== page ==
The Committee will use a blind review process to select a maximum of six projects, three for each of the two forums. The selected researchers will be required to present their papers in person at the forums and to register for the conference. All expenses, including registration for the conference, travel, accommodation, etc., are the responsibility of the researchers/presenters. Criteria for selection are:
- Significance of the study to library and information science research;
- Quality and creativity of the methodology;
- Potential to fill a research gap or to build on previous LIS studies;
- Adherence to submission requirements (see below).
Please submit a two-page proposal by Monday, February 18, 2013. Late submissions will not be considered, and submissions must be limited to two pages in length. On the first page, please list your name(s), title(s), institutional affiliation(s), and contact information (telephone number, mailing address, and email address). The second page should NOT show your name or any other identifying information. Instead, it must include: 1) The title of your project, and 2) A 500-word or less abstract. The abstract must include a problem statement, problem significance, project objectives, methodology, and conclusions (or tentative conclusions for work in progress), and an indication of whether the research is in-progress or completed. Previously published research or research accepted for publication by February 18, 2013, will not be considered.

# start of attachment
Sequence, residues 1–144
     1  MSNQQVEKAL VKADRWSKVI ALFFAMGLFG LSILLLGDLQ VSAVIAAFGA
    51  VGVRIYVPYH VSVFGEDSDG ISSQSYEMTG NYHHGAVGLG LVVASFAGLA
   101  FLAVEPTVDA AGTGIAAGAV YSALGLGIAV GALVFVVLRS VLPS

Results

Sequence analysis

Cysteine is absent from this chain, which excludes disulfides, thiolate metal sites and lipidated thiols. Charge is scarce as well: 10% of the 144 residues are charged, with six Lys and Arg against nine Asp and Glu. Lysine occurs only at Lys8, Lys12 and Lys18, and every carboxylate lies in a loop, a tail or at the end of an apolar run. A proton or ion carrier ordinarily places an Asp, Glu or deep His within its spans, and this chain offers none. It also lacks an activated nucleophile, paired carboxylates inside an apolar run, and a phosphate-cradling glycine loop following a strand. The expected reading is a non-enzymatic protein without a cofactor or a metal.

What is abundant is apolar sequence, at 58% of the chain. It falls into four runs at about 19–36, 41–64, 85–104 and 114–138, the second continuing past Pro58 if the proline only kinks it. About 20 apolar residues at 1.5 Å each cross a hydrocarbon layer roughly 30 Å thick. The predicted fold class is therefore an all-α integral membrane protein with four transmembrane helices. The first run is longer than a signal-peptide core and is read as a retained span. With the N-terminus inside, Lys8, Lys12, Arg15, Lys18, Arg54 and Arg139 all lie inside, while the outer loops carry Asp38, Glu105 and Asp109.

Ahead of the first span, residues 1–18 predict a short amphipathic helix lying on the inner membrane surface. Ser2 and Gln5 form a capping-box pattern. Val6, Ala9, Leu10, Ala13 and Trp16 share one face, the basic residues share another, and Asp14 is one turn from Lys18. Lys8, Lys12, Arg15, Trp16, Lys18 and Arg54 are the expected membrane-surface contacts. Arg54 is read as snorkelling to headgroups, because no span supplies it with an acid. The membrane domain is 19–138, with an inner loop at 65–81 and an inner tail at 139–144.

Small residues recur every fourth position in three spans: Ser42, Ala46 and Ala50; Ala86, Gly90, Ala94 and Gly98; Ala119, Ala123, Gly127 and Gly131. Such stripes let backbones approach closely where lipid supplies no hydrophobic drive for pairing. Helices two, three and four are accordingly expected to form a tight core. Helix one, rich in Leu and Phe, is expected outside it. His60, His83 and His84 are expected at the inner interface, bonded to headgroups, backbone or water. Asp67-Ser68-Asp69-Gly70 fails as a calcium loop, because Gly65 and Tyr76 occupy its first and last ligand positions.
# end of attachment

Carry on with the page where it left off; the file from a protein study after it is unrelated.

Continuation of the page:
Notification of acceptance will be made by Friday, March 29, 2013. Please email submissions (with an indication of which of the two forums for which the abstract should be considered) to:
Lynn Silipigni Connaway
DEADLINE EXTENDED TO MIDNIGHT CST NOVEMBER 8!
Given the storm and how that may impact an applicant's ability to receive transcripts and letters of recommendation to upload to the application, we have extended the deadline to apply to November 8, midnight CST.
Apply via the link at: http://www.ala.org/offices/diversity/spectrum/phd
Note you must apply BOTH to the Spectrum Doctoral Fellowship jury through the online application above and to the doctoral program (s) of your choice by their posted deadline (s).
A couple of FAQs (note these apply only to your application through the online form above, you must communicate directly with the doctoral program regarding their application and any special requirements or considerations):
Transcripts -- for the Spectrum Doctoral Fellowship we will accept unofficial transcripts but they must be good scans and must clearly include the applicant's name and the degree granting institution.